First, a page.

CDC Report Tells 69% of Americans to Cut Salt Intake

FavoriteLoadingAdd to favorites

On March 26, 2009 the Center for Disease Control (CDC) released a new report telling all Americans over 40 years of age to limit their sodium intake to no more than 1,500 mg per day.

They note that previous guidelines said all adults should limit sodium to no more than 2,300mg per day.

The new report also said all people younger than 40 years old with high blood pressure should reduce their sodium intake to no more than 1,500mg per day as should all African-Americans because they are at higher risk of developing hypertension.

The report notes that 69% of American adults now fall into one of these 3 groups, which the CDC report says puts them "?at high risk from health problems associated with too much sodium." The report also notes that 75 to 80% of the salt in the average American's diet now comes from processed and restaurant foods. Only about 10 to 15% of the salt the average American consumes is added by one's own hand. Less than 10% of salt for the average American occurs naturally in foods. Since the average American consumes about 4,000mg of sodium daily or 10 grams of salt it is clear that salt added to the food by others ("second-hand salt") needs to be dramatically reduced. This will not happen unless the Food & Drug Administration reclassifies salt and starts restricting the amount the food industry is allowed to add to food.1

Certainly the CDC took an important step in warning most Americans about the dangers of too much salt.

However, it makes little sense to imply that Americans under 40 years of age without hypertension would not also benefit from limiting sodium to no more than 1500mg/day. Why? The evidence is now overwhelming that hypertension is usually a late stage symptom of salt toxicity, much as emphysema is a late stage development from tobacco smoke toxicity or a cirrhotic liver is a late stage development of excessive alcohol intake.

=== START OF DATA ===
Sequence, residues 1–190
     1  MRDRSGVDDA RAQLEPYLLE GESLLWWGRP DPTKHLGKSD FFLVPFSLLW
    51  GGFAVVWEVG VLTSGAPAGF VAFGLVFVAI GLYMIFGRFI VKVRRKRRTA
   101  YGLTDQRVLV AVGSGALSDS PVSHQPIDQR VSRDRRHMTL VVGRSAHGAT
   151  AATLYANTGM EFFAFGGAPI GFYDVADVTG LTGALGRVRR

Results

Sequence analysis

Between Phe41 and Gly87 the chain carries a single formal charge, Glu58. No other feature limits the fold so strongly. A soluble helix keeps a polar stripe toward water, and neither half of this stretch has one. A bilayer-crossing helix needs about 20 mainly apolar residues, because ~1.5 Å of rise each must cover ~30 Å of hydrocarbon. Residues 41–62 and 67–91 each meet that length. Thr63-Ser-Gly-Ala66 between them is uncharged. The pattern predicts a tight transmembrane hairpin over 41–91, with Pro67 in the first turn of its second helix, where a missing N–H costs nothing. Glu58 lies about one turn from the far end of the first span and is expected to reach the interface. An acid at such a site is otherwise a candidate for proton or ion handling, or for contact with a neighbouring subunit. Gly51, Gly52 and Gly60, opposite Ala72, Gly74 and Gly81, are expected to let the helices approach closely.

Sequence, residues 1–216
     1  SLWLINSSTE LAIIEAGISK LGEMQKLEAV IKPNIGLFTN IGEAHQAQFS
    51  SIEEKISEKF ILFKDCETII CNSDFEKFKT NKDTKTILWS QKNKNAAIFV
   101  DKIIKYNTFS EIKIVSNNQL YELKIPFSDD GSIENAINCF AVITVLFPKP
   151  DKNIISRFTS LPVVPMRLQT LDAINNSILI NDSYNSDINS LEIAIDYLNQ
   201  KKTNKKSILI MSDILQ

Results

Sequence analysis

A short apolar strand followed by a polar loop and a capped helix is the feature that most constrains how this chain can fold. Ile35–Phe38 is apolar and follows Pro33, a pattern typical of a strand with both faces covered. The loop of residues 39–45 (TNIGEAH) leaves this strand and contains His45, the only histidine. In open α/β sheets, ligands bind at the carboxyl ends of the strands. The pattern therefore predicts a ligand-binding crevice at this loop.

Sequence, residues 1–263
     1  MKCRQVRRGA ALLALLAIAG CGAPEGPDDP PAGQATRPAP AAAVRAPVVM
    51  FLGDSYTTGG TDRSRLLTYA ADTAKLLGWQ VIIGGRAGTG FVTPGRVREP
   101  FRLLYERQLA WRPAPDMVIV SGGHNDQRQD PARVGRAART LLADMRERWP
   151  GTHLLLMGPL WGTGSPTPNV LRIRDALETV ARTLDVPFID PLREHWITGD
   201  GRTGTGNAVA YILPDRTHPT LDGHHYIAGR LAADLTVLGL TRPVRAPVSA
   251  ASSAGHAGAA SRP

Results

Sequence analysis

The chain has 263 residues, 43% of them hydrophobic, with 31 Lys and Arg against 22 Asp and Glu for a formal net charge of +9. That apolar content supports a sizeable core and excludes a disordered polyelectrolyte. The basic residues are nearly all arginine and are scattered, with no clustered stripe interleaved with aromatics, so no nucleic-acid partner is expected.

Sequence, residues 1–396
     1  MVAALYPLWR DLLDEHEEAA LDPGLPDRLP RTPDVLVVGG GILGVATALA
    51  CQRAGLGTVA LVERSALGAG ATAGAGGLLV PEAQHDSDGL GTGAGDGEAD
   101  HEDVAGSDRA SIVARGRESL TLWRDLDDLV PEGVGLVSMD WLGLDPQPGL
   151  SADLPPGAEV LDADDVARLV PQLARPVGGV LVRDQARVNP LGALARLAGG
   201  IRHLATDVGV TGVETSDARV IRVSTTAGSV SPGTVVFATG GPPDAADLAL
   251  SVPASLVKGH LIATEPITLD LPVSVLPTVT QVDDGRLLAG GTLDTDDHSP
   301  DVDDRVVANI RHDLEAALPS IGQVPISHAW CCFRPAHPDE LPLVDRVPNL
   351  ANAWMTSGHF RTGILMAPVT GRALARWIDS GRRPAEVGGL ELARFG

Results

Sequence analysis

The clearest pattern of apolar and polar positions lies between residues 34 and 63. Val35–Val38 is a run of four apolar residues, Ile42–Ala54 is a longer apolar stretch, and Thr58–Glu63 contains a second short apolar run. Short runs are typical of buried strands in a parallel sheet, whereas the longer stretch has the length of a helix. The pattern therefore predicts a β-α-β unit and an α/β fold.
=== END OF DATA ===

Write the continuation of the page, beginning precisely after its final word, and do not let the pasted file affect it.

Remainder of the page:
We don't wait until age 40 or the development of emphysema or cirrhosis to tell people smoking or drinking heavily are dangerous.

Research in animals has shown that excess dietary salt damages the artery wall long before blood pressure is increased. Indeed, rats like people who consume excess salt show an increased growth of smooth muscle cells and fibrous proteins in their arteries. This thickens and stiffens arteries throughout the body and especially arteries in the brain, kidneys, and heart.2

Increased salt intake increases blood volume and shear stress on the artery. This leads the endothelium to increase its production of TGF-beta and NO independently of its effect on blood pressure.3 Increased TGF-beta and NO released from the endothelium leads to an overgrowth of smooth muscle cells and fibrous matrix proteins in the surrounding artery wall. Over time this causes arteries throughout the body to thicken and become stiff.

Most doctors believe the thickened, stiff arteries, seen in nearly all their older patients, are largely the result of aging because the BP medications like diuretics do little to stop it. However, research now strongly suggests that this process, which leads to an elevated pulse pressure and isolated systolic hypertension, is largely the result of the long-term consumption of a diet with far too much salt.

Excessive TGF-beta produced in the kidney's glomeruli in response to high salt feeding. Giving rats on a high-salt diet a diuretic did not reduce the excessive TGF-beta suggesting that diuretics may lower BP but are not stopping the disease process.

By James J. Kenney, PhD, RD, FACN


2. Am J Physiol Renal Physiol. April 2009;doi:10.1152/ajprenal.00027.2009

3. Hypertension 2002;39:239-44

Become a premium member today and get access to hundreds of articles and handouts plus our premium tools!

Upcoming Posts

November 2022


Strategies for Managing Processed Foods in Your Eating Pattern

UP NEXT IN Food and Health, Prevention
Ultra-Processed Foods Promote Colorectal Cancer in Men

New Products Available Now

Published on Categories nutrition, articles, practitioner ideas and news, prevention, nutrition education resources, food shopping, food and health, ingredients, food news, food reviews, diet and cancer, PremiumTags , , , , , , , , ,